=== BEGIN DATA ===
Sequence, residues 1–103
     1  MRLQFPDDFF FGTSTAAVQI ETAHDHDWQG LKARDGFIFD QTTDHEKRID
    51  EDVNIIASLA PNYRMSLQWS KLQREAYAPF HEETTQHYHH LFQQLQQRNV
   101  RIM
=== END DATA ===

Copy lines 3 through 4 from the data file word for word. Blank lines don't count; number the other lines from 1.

    51  EDVNIIASLA PNYRMSLQWS KLQREAYAPF HEETTQHYHH LFQQLQQRNV
   101  RIM